# Pandas: split a DataFrame into chunks

Prepare a test dataset:

```
import pandas as pd
from sklearn.datasets import load_breast_cancer
bc = load_breast_cancer()
dfm = pd.DataFrame(bc['data'])
dfm.columns = bc['feature_names']
print(dfm.shape) # (569, 30)
print(dfm.index) # RangeIndex(start=0, stop=569, step=1)
```

Introduce `np.split(ary, indices_or_sections, axis=0)`

:

If

`indices_or_sections`

is a 1-D array of sorted integers, the entries indicate where along axis the array is split. For example,`[2, 3]`

would, for`axis=0`

, result in`[ary[:2], ary[2:3], ary[3:]]`

.

First we define a function to generate such a `indices_or_sections`

based on the DataFrame’s number of rows and the chunk size:

```
# FIXME: See update below
def index_marks(nrows, chunk_size):
return range(1 * chunk_size, (nrows // chunk_size + 1) * chunk_size, chunk_size)
indices = list(chunk_marks(dfm.shape[0], 100))
print("Marks: {}".format(indices))
# Output:
# Marks: [100, 200, 300, 400, 500]
```

So here we are going to cut `dfm`

into a list of sub DataFrames, `[dfm[0:100], dfm[100:200], dfm[200:300], dfm[300:400], dfm[400:500], dfm[500:569]]`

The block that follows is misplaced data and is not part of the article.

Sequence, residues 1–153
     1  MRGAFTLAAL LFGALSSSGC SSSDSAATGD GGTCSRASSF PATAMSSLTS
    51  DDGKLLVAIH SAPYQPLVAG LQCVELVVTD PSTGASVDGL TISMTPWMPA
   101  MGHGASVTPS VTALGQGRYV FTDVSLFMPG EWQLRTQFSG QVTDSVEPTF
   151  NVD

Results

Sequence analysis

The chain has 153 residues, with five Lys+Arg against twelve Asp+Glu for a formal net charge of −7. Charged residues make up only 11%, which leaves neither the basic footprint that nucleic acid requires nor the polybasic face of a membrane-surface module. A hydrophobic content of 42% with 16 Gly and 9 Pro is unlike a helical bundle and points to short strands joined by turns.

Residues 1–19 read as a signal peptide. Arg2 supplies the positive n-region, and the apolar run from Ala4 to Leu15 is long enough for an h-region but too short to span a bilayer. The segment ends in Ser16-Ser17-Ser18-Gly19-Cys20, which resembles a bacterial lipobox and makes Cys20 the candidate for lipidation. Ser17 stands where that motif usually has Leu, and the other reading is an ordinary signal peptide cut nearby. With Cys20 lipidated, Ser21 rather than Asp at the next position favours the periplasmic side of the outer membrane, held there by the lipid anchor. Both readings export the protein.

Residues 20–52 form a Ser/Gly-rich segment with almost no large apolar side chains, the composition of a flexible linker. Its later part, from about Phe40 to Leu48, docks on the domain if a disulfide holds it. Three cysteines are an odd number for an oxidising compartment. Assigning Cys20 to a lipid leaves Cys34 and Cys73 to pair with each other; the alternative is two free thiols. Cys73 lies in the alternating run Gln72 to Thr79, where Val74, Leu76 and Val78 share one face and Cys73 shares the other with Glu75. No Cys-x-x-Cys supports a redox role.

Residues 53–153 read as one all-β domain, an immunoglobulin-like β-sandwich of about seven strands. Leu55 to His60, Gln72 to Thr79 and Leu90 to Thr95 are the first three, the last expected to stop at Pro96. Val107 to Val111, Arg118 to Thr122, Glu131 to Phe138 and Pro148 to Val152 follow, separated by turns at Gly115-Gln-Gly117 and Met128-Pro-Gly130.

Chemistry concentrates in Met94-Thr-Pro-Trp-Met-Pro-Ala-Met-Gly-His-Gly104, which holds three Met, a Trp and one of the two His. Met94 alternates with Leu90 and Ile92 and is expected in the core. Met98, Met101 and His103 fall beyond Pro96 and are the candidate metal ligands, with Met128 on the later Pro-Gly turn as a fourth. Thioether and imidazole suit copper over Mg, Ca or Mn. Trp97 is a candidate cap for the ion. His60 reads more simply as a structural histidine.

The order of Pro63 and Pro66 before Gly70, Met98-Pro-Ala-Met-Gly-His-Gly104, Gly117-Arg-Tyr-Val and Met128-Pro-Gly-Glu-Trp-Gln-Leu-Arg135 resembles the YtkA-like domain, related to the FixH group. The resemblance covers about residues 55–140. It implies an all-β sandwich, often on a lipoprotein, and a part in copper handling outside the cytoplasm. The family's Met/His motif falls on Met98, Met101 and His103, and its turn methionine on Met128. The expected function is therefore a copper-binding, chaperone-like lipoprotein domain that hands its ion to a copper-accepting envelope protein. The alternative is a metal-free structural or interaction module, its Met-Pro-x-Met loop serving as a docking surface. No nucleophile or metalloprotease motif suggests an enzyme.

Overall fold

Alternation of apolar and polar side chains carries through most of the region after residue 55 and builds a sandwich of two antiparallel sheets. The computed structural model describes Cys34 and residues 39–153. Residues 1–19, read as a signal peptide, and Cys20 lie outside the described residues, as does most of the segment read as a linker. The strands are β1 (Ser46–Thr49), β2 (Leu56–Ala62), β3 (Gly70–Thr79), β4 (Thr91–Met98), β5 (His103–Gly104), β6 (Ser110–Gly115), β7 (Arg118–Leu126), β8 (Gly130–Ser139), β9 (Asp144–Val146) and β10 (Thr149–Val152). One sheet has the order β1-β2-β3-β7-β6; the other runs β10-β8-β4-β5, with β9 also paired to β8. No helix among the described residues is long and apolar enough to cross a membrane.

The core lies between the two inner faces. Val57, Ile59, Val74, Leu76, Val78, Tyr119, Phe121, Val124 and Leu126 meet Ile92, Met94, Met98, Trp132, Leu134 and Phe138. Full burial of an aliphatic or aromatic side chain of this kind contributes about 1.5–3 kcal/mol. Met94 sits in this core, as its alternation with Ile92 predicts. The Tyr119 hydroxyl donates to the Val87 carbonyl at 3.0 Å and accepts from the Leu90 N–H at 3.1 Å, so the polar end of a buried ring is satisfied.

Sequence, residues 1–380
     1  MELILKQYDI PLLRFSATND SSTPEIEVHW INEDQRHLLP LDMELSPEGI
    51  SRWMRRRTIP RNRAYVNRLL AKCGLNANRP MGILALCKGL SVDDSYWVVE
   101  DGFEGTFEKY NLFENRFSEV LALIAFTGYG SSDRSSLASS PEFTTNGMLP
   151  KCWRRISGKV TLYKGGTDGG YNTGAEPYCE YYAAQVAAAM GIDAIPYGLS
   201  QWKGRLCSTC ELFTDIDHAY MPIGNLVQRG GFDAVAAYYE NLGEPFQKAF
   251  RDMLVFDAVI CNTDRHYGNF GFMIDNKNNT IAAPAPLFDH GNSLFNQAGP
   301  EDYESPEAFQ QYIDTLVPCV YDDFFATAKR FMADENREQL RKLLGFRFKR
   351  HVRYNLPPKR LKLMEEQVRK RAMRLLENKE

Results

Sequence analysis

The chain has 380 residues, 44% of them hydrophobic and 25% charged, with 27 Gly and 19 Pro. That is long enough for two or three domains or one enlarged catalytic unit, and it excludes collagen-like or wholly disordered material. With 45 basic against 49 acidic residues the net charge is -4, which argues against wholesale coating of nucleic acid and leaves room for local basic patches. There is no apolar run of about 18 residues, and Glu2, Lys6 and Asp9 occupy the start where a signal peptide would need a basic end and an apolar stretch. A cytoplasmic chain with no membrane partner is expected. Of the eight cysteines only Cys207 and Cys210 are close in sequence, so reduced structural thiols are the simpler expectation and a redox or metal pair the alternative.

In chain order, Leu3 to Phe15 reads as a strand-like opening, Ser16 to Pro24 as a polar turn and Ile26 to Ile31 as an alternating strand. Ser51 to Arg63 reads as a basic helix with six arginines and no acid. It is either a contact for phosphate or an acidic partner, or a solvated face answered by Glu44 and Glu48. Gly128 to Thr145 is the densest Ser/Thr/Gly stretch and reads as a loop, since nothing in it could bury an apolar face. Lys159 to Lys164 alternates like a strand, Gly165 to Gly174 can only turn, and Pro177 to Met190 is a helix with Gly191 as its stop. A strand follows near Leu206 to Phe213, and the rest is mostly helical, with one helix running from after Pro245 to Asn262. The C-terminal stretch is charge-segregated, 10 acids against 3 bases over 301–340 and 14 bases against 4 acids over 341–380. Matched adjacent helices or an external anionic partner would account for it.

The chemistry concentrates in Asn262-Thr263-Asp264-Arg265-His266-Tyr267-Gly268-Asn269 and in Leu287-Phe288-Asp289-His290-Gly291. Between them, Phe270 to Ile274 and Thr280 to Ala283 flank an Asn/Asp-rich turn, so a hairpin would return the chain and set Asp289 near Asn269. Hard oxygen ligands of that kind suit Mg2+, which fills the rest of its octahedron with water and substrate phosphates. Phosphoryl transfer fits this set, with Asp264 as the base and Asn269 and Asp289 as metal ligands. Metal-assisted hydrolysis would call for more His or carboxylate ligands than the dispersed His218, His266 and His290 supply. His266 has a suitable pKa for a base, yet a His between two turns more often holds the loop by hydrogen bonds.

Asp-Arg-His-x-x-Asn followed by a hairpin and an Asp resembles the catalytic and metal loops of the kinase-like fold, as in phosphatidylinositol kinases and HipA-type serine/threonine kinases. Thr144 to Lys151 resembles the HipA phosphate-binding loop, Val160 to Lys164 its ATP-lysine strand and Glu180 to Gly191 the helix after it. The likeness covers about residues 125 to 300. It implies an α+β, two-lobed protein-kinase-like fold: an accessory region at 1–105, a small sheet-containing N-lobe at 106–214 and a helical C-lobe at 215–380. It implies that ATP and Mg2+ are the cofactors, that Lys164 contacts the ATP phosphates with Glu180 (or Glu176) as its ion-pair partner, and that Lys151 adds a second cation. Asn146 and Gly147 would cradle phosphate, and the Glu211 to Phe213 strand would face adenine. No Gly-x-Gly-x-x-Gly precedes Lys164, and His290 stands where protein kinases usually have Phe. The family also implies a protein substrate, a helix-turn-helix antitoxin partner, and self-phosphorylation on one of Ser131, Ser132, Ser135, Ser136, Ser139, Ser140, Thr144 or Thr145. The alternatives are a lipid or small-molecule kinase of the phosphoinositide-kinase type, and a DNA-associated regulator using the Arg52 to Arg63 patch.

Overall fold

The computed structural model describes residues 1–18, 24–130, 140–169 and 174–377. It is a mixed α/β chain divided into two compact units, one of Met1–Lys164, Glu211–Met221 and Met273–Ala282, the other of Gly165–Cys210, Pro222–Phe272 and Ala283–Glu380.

.

```
import numpy as np
def split(dfm, chunk_size):
indices = index_marks(dfm.shape[0], chunk_size)
return np.split(dfm, indices)
chunks = split(dfm, 100)
for c in chunks:
print("Shape: {}; {}".format(c.shape, c.index))
# Output:
"""
Shape: (100, 30); RangeIndex(start=0, stop=100, step=1)
Shape: (100, 30); RangeIndex(start=100, stop=200, step=1)
Shape: (100, 30); RangeIndex(start=200, stop=300, step=1)
Shape: (100, 30); RangeIndex(start=300, stop=400, step=1)
Shape: (100, 30); RangeIndex(start=400, stop=500, step=1)
Shape: (69, 30); RangeIndex(start=500, stop=569, step=1)
"""
```

### 01/06/2020 Update

Thank Kurt Wheeler for the comments below! When `nrows`

is devisible by `chunk_size`

(e.g. `nrow == 1000`

and `chunk_size == 100`

), my `index_marks()`

function will generate an index marker that is equal to the number of rows of the matrix, and `np.split()`

will thus output an empty chunk in the end.

Kurt Wheeler has proposed a better solution for `index_marks()`

:

```
import math
def index_marks(nrows, chunk_size):
return range(chunk_size, math.ceil(nrows / chunk_size) * chunk_size, chunk_size)
```

On the other hand, you can iterate all the chunks returned by `np.split()`

and exclude the last one if it’s empty.

## Comments